The legacy of childhood trauma outlives the acute phase of an inflicting wound by a longshot.
To the contrary: What’s clear is that trauma isn’t something you just get over.
Experts know childhood trauma sticks around and manifests in various forms – sometimes as substance use but other times it shows up as a heightened risk for heart disease, diabetes and cancer. That’s right: childhood trauma lingers on and sometimes develops into sickness in adults.
But the exact parameters of childhood trauma can be tricky to pin down. Is it losing a parent? Watching a loved one struggle with substance use? Parental neglect? Or, not fitting in at school? The short answer is: It might be all of the above, but it doesn’t have to be.
“The definition of trauma is when an experience overwhelms a person’s internal resources to cope,” said Jessica Caron, a social worker and Director of Operations for the Children’s Behavioral Health Initiative at Lahey Health Behavioral Services. “Two individuals can experience the same thing and one can walk away unaffected, while the other found it traumatic.”
Childhood traumas, experts know, have tangible effects on the brain’s development. These changes unfold across a lifetime, to the point where those who’ve experienced high levels of trauma are at triple the risk for heart disease and lung cancer, according to pediatrician Nadine Burke Harris. She gave a revolutionary Ted Talk on the subject and implored health care providers to take a trauma-focused approach in their practices.
Trauma, Burke Harris explains, can even affect a child’s DNA and often shows up with symptoms similar to Attention Deficit Hyperactive Disorder (ADHD).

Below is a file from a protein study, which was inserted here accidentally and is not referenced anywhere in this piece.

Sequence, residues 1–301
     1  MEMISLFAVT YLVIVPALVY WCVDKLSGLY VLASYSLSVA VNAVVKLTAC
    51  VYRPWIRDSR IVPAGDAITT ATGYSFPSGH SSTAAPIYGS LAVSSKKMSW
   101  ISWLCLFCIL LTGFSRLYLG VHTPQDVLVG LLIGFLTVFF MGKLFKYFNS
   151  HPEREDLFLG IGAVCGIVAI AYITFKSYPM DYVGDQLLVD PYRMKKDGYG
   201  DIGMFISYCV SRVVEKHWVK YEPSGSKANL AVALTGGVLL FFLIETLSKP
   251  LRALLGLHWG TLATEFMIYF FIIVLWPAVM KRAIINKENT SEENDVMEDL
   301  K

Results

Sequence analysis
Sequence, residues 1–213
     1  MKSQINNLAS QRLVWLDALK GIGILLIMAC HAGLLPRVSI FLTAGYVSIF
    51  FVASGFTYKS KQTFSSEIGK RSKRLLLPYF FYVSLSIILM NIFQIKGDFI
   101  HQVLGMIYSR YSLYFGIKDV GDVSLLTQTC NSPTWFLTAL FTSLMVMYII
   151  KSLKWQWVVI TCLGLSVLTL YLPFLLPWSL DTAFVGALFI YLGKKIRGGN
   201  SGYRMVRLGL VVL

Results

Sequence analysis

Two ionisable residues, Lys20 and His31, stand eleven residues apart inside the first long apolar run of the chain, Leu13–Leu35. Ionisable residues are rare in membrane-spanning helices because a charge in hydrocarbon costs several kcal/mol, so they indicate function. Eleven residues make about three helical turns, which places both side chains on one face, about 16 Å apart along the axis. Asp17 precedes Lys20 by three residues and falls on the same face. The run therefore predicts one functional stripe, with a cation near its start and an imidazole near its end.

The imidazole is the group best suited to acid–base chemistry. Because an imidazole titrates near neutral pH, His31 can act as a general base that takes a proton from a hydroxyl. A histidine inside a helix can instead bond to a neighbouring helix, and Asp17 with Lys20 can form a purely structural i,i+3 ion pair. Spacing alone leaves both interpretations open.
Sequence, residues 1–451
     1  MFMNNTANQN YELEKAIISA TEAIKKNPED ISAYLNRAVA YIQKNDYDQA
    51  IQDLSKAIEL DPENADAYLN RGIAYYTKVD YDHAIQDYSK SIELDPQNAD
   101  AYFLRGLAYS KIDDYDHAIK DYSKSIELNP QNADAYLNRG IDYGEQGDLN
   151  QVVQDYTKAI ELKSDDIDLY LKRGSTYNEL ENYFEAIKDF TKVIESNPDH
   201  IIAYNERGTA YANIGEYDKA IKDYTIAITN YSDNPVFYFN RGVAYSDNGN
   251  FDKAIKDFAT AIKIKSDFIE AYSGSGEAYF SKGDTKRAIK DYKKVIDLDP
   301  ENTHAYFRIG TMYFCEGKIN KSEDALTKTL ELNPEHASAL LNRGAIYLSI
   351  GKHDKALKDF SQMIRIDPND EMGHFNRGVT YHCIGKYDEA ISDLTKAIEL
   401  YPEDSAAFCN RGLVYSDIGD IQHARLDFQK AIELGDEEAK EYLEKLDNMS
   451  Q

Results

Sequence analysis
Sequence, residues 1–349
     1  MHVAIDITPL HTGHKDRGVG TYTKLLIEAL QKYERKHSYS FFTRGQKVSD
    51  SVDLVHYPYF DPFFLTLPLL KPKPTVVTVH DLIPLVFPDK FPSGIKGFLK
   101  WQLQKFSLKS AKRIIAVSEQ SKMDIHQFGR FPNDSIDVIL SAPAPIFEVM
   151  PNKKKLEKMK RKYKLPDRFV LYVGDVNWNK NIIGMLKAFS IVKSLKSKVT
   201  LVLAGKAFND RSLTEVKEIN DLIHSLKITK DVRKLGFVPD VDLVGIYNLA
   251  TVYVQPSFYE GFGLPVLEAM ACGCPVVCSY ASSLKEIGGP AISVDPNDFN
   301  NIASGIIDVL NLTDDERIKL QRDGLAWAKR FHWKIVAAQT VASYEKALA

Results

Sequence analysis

As Burke Harris points out in the Ted Talk, the heightened disease risk is not correlated with unhealthy lifestyle habits, but traumatic experiences alone.
A test called the Adverse Childhood Experience (ACE) study measures 10 types of traumatic experiences. The higher a person’s ACEs, the higher risk they have for disease, mental illness and substance use.
Lahey Health has implemented a trauma-informed approach, Caron explained. Providers assume patients have had traumatic experiences and need to be treated accordingly as a universal precaution. Without processing a trauma, it is possible that behaviors that were vital to surviving the trauma will continue to be used even if seemingly unhelpful. Left untreated, a person can develop negative ways of looking at the event, which can influence their lives on whole.
“These thoughts might include things like ‘I’m worthless,’ or ‘it’s my fault'” she said. “It’s important that a child is able to process the trauma. Without the support of a trusted and trained adult they may blame themselves.”
Processing a trauma, Caron said, can look like creating a narrative and point by point going through it, analyzing any maladaptive thoughts and finding new ways of thinking about the experience as well as new ways of coping with stress. These new thoughts might include, “I’m important,’ or ‘something terrible happened and it’s not my fault.”
Coupled with the difficulty a trauma presents to anyone, youngsters who experience traumatic incidents can have a harder time processing because their brain isn’t yet fully developed.
“The ability to process is learning to cope with the traumatic experience and function day to day,” Caron said. “We are now aware of post traumatic growth; people can gain resiliency or ‘learn to bounce back’.” The take away is that like many medical conditions, trauma can be treated.